Presumably, individuals today can identify as feminists without necessarily moving through these

prescribed stages.

Relevant for Young Women Today?

Research indicates that social movements shift overtime and as does the salience of

individuals’ identities. Females specifically identify as feminists often when an event occurs that

propels them into exploring their identity and the importance of being a female (Erchull, Liss,

Wilson, Bateman, Peterson & Sanchez, 2009). Often, the relevance of identities is time and

context bound and is heavily influenced by the societal and political climate. With these social

considerations in mind, the article, ‘The Feminist Identity Development Model: Relevant for
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Young Women Today’ (Erchull, Liss, Wilson et al, 2009), addressed the practical application of

the 1985 model to women in the new millennium. After conducting a study of two- hundred

women who varied in their feminist identities, the literature supported the need for an alteration to

the original 1985 Feminist Model.

This analysis provides some support for the Downing and Roush model. “Revelation,

embeddedness–emanation, and active commitment were related to women’s status as self-

identified feminists, a finding that is consistent with previous research” (Erchull et al. 2009, p.

840). Research shows that age aligns with the stages females move through as they navigate the

model. This is consistent with the Downing and Roush model suggesting that, as women age, they

move from experiencing anger to focusing on activism (Moradi, Subich & Phillips, 2002).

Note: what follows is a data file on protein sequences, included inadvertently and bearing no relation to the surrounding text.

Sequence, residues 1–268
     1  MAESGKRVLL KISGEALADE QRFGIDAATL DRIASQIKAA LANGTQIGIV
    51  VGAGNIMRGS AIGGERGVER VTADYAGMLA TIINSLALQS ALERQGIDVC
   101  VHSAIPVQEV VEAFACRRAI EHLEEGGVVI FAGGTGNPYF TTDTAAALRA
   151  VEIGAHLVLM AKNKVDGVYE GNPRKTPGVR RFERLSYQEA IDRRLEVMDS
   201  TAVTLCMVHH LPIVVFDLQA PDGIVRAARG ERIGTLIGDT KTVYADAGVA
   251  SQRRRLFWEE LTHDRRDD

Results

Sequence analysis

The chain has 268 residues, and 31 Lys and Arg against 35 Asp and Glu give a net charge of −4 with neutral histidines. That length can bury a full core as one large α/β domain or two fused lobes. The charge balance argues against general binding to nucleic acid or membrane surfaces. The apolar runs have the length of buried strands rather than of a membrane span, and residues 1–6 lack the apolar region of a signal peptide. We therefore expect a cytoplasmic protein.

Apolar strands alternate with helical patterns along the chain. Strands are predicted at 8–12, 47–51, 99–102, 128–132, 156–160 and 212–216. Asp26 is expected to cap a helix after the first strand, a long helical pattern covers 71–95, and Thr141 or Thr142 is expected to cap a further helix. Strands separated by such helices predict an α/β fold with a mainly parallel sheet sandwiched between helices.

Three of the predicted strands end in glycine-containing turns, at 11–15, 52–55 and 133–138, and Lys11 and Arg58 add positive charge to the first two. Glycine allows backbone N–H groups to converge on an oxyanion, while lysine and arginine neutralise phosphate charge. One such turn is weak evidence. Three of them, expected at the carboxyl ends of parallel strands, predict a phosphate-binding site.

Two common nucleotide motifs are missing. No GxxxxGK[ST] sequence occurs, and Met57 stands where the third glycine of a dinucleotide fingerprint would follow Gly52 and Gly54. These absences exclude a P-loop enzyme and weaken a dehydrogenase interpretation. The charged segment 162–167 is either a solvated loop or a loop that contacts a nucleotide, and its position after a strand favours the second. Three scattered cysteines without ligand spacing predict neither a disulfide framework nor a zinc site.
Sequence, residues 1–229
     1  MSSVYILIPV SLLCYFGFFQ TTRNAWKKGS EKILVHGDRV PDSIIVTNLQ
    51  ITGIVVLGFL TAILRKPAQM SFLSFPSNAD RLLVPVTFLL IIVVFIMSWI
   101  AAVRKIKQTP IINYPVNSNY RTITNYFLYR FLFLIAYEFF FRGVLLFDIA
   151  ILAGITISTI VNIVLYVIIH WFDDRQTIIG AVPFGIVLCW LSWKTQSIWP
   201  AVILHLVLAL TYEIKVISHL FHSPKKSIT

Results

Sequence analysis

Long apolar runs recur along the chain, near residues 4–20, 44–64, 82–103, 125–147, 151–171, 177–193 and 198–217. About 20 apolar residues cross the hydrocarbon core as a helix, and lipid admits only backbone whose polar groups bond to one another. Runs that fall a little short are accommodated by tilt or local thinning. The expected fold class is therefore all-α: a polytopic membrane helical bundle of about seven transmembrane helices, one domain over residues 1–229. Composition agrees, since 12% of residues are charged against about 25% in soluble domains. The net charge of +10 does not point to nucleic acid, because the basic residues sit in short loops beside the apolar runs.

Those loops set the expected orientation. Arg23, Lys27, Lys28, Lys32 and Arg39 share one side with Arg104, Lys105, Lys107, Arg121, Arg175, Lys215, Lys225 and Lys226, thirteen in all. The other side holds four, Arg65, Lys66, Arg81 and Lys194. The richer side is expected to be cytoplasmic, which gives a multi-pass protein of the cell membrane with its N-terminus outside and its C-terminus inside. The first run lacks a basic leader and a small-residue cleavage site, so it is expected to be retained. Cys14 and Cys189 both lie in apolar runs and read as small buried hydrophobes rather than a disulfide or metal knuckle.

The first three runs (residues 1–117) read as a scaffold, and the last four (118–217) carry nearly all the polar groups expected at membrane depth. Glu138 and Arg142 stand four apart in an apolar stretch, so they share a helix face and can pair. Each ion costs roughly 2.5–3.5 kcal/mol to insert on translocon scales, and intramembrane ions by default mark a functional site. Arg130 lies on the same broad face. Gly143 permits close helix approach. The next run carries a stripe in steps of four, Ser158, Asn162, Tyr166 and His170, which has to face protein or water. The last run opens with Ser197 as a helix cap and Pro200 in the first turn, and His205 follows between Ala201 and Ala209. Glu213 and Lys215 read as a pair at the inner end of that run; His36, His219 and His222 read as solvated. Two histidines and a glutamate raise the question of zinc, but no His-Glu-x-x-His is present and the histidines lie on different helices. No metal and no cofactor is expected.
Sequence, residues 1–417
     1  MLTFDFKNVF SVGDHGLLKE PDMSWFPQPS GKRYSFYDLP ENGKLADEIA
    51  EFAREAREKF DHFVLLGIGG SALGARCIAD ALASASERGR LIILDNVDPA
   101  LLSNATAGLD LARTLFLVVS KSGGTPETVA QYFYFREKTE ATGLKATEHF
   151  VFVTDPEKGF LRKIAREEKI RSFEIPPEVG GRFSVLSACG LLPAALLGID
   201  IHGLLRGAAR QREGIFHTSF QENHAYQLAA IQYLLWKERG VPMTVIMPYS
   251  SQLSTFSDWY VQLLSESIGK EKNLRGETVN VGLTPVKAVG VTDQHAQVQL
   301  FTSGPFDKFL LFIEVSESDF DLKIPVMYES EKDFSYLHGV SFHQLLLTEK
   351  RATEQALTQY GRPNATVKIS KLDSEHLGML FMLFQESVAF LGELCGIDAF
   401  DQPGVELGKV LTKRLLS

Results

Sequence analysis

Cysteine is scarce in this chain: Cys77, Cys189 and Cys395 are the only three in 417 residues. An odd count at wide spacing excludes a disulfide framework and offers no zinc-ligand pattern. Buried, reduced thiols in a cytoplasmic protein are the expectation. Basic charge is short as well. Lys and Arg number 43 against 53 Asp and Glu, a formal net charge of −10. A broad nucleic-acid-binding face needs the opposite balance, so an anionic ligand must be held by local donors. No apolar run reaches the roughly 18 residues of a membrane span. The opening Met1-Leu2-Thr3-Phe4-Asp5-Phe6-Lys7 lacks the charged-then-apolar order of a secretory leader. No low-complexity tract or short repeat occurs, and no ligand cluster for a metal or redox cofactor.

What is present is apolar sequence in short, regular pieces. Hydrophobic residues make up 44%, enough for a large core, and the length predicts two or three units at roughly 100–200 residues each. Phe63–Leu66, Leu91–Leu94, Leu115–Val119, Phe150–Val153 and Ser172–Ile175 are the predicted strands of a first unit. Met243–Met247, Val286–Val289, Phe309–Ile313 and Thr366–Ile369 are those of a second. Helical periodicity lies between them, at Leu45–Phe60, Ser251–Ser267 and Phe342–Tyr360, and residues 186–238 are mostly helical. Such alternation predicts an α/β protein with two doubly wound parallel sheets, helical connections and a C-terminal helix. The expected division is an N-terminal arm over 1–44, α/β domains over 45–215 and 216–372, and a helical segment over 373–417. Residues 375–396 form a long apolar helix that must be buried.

Paradoxically, the lack of difference between feminists and non-feminists on the synthesis stage

supports the problematic nature of the stages in the current model (Liss, Crawford & Popp, 2004).

“Although Downing and Roush conceptualized this as being the penultimate stage of developing a

feminist identity, it appears that many women endorse items about being strong, independent, and

integrating their identity as a woman with their identity as a person without necessarily holding a

feminist identity” (Erchull et al. 2009, p. 840).

Millennial Feminist Identity Development Model

The Millennial Feminist Identity Development Model (2017) is my personal revised

version of Downing and Roush’s Feminist Identity Development Model (1985), based off of

Cross’s Black Identity Development Model (1971). The model has been revised to reflect an

inclusive perspective on the adoption of a feminist identity. Millennial feminists identify as

advocates for “equality and equity based on gender, gender expression, gender identity, sex, and

sexuality as understood through social theories and political activism” (Day, 2016, p. 1).